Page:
Despite UConn football record 'I think we’re making progress' athletic director says

University of Connecticut athletic director David Benedict takes questions about an NCAA investigation into the school's men's basketball program during a news conference on Tuesday, Feb. 6, 2018, in Stoors, Conn. (AP Photo/Pat Eaton-Robb)

University of Connecticut athletic director David Benedict takes questions about an NCAA investigation into the school's men's basketball program during a news conference on Tuesday, Feb. 6, 2018, in Stoors, Conn. (AP Photo/Pat Eaton-Robb)

Pat Eaton-Robb / AP

Four games into the Jim Mora era, the UConn football program is very much a work in progress.

The Huskies were blown out by Syracuse and Michigan. NC State, ranked 12th in the country, is next on the schedule.

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“You don’t want to get way out in front here because there’s obviously a lot of season that remains and if you look at our schedule, it certainly is front loaded from a competitiveness standpoint,” athletic director David Benedict said. “You don’t want to start to over-analyze where things are at. We’ve got a lot of football that’s still on the schedule. We’ve got games that we certainly believe we’re going to be very competitive in.”

UConn (1-3) returns home to face Fresno State on Oct. 1. After road games at Florida International and Ball State, the Huskies have a run of three consecutive home games: Boston College, UMass, and Liberty.

The season ends at Army on Nov. 19.

So October will be far different than September. Mora’s young team has been battling injuries that have depleted the roster and forced the staff to use inexperienced players against Power Five opponents.

On Tuesday, Mora talked about the emotional toll of losing and how the program is keeping morale high by focusing on small gains amid big losses.

Benedict said Mora’s approach will help build a foundation for a program that has not had a winning season since 2010.

“He’s trying to set and create a standard for these guys so they understand that regardless of what happens on Saturdays, there are things that you have to do Monday through Friday if you want to eventually be competitive and win football games,” Benedict said. “I think you have a team that’s very focused on that.

"Some coaches, some programs talk about one game at a time. Here’s they’re talking about one play at a time. And you just move on. So I think that mentality is very appropriate for us because that’s all we can really control.”

Benedict still feels an elevated level of excitement around the program. The crowd at the Syracuse game, he said, was the most energetic he has seen since arriving at UConn in 2016. There were over 15,000 tickets scanned for the game at Rentschler, although UConn had 25,114 tickets out.

“There’s no doubt it’s been different,” Benedict said. “I think we’re making progress.”

There will be added focus on the crowds at Rentschler, given a recent report that found the 19-year-old facility is in need of $63 million of repairs and improvements. UConn’s attendance has declined in recent years and it may take more wins before fans return at a high rate.

UConn’s lease with the Office of Policy and Management — which owns the facility through the state — expires in June 2023, which is one reason why the Capital Region Development Authority commissioned the assessment of the stadium.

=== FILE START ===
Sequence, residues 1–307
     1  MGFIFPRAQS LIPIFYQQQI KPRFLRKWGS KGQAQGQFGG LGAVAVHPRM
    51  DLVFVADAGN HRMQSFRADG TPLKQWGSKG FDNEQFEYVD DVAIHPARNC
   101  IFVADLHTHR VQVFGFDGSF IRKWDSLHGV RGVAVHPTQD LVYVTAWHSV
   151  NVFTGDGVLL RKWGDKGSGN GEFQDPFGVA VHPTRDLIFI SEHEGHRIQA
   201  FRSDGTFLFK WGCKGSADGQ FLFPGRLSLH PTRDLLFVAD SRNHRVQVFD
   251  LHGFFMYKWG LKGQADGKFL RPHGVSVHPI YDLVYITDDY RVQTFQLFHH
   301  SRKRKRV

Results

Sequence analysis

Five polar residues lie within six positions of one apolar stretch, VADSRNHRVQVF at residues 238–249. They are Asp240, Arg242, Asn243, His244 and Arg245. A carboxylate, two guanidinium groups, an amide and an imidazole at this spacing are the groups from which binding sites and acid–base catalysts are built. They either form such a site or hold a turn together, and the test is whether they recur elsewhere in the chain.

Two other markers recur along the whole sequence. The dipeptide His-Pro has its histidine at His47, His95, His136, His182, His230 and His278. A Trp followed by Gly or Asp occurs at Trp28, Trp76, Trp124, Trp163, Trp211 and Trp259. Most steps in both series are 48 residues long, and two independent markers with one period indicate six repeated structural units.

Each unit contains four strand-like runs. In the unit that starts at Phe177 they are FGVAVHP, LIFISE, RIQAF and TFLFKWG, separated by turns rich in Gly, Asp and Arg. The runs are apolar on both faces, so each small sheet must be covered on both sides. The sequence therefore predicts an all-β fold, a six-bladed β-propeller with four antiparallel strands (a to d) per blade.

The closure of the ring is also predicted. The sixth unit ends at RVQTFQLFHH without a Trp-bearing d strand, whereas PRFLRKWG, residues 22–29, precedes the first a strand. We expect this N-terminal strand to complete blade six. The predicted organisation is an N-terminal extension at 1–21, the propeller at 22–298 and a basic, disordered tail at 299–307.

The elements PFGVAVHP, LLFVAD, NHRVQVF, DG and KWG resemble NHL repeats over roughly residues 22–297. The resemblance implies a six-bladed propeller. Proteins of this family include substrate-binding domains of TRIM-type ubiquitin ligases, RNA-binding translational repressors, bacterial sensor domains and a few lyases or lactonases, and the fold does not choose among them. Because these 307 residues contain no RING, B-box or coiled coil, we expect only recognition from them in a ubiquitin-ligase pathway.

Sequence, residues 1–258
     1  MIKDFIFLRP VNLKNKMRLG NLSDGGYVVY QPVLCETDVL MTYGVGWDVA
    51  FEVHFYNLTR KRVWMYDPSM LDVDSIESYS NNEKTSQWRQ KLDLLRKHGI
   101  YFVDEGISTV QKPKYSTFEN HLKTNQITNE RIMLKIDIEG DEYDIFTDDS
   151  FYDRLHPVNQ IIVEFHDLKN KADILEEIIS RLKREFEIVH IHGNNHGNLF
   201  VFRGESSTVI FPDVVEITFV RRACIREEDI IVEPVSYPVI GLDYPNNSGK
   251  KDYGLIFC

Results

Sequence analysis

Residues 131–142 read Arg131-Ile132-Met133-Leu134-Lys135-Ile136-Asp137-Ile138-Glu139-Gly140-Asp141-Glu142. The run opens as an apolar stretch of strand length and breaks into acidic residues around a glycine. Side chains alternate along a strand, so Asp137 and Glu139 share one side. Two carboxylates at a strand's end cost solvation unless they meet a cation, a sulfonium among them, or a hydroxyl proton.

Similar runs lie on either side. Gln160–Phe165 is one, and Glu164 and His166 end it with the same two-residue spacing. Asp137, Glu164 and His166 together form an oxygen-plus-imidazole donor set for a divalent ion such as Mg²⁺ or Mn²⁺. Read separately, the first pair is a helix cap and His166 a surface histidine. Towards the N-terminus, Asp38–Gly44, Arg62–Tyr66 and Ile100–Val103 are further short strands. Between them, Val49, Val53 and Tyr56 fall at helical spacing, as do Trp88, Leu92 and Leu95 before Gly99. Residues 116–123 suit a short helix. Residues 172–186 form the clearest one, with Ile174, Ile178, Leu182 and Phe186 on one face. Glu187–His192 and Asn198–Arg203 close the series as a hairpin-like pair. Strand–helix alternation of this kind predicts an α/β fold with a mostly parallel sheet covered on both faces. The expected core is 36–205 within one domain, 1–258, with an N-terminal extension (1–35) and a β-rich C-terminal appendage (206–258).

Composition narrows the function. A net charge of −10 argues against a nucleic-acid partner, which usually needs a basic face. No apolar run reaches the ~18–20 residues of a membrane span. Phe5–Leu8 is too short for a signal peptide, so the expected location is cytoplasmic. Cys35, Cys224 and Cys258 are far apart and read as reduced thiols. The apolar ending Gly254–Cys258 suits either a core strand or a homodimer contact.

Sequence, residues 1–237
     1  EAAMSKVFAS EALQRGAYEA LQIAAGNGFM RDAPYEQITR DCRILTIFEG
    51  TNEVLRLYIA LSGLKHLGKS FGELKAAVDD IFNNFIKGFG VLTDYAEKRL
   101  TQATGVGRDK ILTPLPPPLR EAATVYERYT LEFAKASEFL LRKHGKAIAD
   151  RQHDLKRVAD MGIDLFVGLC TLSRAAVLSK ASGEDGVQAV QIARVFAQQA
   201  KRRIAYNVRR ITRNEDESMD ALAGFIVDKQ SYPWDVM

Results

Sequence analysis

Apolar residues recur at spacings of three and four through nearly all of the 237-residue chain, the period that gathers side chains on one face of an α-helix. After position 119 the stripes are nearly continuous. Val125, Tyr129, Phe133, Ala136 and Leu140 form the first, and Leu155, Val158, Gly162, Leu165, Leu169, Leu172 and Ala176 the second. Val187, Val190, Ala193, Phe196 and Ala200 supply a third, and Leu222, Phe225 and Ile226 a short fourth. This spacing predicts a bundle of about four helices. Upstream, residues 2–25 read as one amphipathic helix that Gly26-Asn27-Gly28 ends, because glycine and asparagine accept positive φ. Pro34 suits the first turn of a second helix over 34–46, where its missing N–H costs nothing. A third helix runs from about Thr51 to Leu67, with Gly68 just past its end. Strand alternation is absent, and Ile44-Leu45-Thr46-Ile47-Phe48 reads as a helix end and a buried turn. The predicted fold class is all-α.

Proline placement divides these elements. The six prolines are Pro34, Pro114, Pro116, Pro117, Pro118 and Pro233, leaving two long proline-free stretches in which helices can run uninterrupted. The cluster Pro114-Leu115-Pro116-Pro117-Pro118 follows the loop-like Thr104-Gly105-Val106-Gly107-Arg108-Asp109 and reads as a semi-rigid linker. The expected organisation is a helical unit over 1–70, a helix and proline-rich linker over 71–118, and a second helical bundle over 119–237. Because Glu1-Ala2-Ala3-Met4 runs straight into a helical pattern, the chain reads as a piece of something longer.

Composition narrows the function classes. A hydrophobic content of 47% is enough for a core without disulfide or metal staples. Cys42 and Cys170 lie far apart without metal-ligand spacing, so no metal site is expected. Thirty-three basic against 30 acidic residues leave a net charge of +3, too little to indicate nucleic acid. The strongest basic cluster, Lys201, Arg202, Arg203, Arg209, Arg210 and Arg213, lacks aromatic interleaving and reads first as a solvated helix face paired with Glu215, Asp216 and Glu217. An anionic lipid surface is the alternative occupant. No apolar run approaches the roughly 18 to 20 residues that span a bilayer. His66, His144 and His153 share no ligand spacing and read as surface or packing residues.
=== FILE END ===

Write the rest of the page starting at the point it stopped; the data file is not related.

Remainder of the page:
“I think doing a report like that is great,” Benedict said. “What you don’t want to do is find yourself in a position where your facility is falling apart. Because it will wind up costing you a lot more.

“When you have a big facility like that, it’s going to need maintenance. The facility is what it is. But I don’t think if feels like an old run-down facility at all. I’ve been in a lot of stadiums during my career and the facility is in relatively good shape as you look at it. Are there things that we can do? Are there repairs and deferred maintenance things that are just part of managing a big facility like that? Absolutely.”

The legislative session convenes in January. UConn and the CRDA will know ahead of the lease expiring just how much state money is allocated toward the stadium.

Priorities include roof work and technology upgrades. 

But unlike UConn’s basketball teams that play games in both Hartford’s XL Center and Gampel Pavilion on campus, the football team has no other options. 

“It is a really, really nice facility and we’re certainly glad to be there and look forward to hearing what the plans are and how we move forward,” Benedict said.

As the primary tenant at Rentschler, UConn is the revenue engine that keeps the facility operating. The CRDA estimates the venue breaks even if the team if over 20,000 are at the facility because so much is contingent on parking and concession sales.

The number of tickets distributed was well over 20,000 through 2017. CRDA executive director Michael Freimuth said UConn attendance was not a factor in the stadium’s operation budget until just the past few years. 

Can the program generate enough interest to draw more fans?

“Obviously the more crowds we can get, the better all of us will be,” Benedict said. “It’s one of the reasons it’s really important for us to schedule well, to bring crowds out. Obviously we’re going to do everything that we can to support Coach Mora so he can build a program.

"Building something to a competitive level in college football, especially with the schedule that we’re playing, is not an overnight proposition or just a one-year proposition. We need time. But we’re on the right path.”